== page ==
The way out of the political morass in Congress remains elusive as the US government enters the second week of a partial government shutdown, with a potential debt default just 10 days away.
Three possible routes out of the deadlock present themselves: the Senate jam, in which that chamber forces the House of Representatives to accept a bipartisan compromise, the complete cave, where one party buckles under public pressure, and the fig leaf, where one side accepts a partial defeat while claiming a symbolic victory.
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In the second week of the partial US government shutdown, Senate Majority Leader Harry Reid renews calls for House Republicans to pass clean budget resolution.
''There is a path out of everything,'' said Georgia Republican congressman Lynn Westmoreland. ''You just got to find it.''
The Senate jam was played out at the last fiscal deadline, which was the combination of expiring tax cuts and scheduled spending reductions at the end of last year.
Then, Senate Minority Leader Mitch McConnell and Vice-President Joe Biden decided what taxpayers would have higher burdens and the Republican-controlled House accepted, with only a minority of Republicans voting ''yes''.
Repeat that bipartisan approach on the debt ceiling, and House Speaker John Boehner may be left with a debt-limit increase, none of the policy conditions he wants and the clock ticking towards a default he's already said he will not allow.
The Speaker's big decision, as the person who controls the House floor, is whether to allow a vote.
''When you get close to that deadline, you're really playing with fire,'' Democratic senator Charles Schumer said. ''It's not like the government shutdown.''
The second potential path is the complete cave.
Republicans say they think they can move US President Barack Obama off his no-negotiations stance in two ways.
First, they're passing separate bills to fund parts of the government, trying to force Democrats to choose between the programs they champion, such as national parks and infant nutrition, and Mr Obama's insistence that the entire government be reopened.
Second, Republicans are pointing out flaws in the Affordable Care Act, also known as Obamacare. They've been bolstered by the computer problems that hampered the implementation last week.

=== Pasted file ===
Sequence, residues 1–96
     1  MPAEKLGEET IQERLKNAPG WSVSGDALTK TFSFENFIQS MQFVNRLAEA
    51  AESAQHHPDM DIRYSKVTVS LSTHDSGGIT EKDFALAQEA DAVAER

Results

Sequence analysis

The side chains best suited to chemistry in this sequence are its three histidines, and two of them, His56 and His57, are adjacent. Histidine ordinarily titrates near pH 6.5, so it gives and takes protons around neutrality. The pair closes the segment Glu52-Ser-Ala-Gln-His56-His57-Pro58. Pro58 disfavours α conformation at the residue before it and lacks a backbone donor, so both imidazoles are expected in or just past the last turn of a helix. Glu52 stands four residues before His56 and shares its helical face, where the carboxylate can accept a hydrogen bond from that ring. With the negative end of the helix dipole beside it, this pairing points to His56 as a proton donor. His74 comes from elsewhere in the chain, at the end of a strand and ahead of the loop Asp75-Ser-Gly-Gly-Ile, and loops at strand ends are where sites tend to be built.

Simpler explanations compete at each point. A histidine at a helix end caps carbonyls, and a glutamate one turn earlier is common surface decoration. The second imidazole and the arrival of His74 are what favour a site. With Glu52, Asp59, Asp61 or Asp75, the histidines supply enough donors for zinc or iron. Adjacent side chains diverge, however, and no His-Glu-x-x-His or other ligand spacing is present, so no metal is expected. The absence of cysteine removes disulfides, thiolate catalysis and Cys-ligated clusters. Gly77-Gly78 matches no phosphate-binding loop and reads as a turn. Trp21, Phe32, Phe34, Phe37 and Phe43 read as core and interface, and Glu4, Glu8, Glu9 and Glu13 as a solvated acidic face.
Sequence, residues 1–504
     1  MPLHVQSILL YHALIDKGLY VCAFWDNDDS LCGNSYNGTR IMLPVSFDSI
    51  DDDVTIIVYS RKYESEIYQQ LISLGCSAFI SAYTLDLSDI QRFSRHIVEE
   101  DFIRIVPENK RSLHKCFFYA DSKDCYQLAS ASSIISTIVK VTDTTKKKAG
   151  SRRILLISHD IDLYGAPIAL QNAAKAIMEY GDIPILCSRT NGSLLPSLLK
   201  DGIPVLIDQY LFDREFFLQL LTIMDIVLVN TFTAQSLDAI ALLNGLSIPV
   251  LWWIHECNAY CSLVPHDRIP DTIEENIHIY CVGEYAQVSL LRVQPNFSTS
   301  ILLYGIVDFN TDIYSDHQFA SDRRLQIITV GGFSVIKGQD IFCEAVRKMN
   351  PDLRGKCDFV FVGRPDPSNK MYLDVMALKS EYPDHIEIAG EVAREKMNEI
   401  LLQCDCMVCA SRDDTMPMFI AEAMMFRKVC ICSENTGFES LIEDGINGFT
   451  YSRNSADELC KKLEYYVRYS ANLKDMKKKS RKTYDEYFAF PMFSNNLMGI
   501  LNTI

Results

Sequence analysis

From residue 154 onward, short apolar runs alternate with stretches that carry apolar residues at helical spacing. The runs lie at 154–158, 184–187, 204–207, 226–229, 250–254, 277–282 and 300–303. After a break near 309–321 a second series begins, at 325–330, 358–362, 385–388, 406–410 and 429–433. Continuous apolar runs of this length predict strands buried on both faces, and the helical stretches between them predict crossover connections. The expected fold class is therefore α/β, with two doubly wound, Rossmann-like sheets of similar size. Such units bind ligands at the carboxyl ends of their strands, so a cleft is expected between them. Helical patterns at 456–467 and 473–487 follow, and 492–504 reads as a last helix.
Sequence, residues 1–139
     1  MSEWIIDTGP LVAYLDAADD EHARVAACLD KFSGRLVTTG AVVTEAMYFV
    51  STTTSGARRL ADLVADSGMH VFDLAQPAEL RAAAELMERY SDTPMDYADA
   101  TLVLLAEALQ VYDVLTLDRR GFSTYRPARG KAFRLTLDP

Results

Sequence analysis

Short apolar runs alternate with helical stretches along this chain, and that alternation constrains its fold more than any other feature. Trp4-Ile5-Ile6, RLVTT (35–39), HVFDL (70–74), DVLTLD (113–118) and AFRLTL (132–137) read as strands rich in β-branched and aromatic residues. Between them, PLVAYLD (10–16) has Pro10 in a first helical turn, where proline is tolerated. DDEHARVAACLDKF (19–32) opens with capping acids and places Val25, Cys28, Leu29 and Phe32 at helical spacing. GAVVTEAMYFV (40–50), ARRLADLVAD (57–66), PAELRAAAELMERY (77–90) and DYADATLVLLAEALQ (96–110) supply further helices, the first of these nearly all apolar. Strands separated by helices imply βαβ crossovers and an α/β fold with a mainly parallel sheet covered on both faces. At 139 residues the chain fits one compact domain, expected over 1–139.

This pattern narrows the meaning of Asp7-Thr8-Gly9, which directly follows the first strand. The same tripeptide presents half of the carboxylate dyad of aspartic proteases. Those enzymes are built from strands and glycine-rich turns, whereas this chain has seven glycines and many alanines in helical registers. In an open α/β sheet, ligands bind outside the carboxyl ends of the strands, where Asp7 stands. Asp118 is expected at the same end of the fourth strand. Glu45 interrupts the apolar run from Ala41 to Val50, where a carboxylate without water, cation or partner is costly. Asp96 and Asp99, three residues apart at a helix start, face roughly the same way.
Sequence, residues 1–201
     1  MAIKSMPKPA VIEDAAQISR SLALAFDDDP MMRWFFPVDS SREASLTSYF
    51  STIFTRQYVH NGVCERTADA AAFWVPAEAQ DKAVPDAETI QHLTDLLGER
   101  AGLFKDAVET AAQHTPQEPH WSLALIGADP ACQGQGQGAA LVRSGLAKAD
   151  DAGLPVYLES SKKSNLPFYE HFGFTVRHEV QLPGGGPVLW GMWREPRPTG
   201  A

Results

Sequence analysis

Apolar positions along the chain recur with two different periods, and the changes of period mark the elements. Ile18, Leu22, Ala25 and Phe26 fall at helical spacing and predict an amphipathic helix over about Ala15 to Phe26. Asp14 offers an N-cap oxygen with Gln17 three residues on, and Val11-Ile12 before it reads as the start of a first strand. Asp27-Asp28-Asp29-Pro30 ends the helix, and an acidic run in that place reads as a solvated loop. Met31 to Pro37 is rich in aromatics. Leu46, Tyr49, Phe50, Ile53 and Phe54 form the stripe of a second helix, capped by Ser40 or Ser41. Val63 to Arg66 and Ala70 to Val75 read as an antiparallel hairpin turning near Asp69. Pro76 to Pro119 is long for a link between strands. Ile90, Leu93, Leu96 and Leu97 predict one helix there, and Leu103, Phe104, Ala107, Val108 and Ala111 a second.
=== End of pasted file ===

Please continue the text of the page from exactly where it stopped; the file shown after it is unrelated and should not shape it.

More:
For Mr Obama, caving in means engaging in the kinds of negotiations on entitlement programs he entered into with Mr Boehner in 2011 during the previous debt-ceiling fight.
So far he hasn't budged, insisting that avoiding default and reopening the government are not concessions to him because everyone wants them.
US Treasury Secretary Jack Lew, who appeared on talk shows on Sunday, said the administration would negotiate only after the partial shutdown ended and the debt ceiling was increased.
''I've talked with John Boehner; I know he doesn't want to default,'' Mr Lew said on Fox News Sunday.
''He also didn't want to shut the government down. And here we are with a government shutdown.''
Democrats also point to at least 20 Republicans who have said they will vote for a bill to open the government without policy conditions related to the health law.
That, Mr Obama has said, is the ''only way out''.
One other possibility is the fig leaf. Martin Frost, a former Democratic congressman and veteran of the last shutdown in 1996, says he sees room for agreements such as a timeline for tax code changes, as long as they aren't negotiated against the risk of default.
Mr Boehner has been trying to package the debt limit with as many party priorities as possible, including TransCanada Corp's Keystone XL pipeline, limits on environmental regulations and cuts to entitlement programs.
Achieving any of those would mark a victory because Mr Obama and Senate Democrats have blocked them for years.
But Senate Majority Leader Harry Reid said last week he did not want to give Mr Boehner a face-saving way out.
''This isn't a date to the prom,'' he said. ''This is our country.''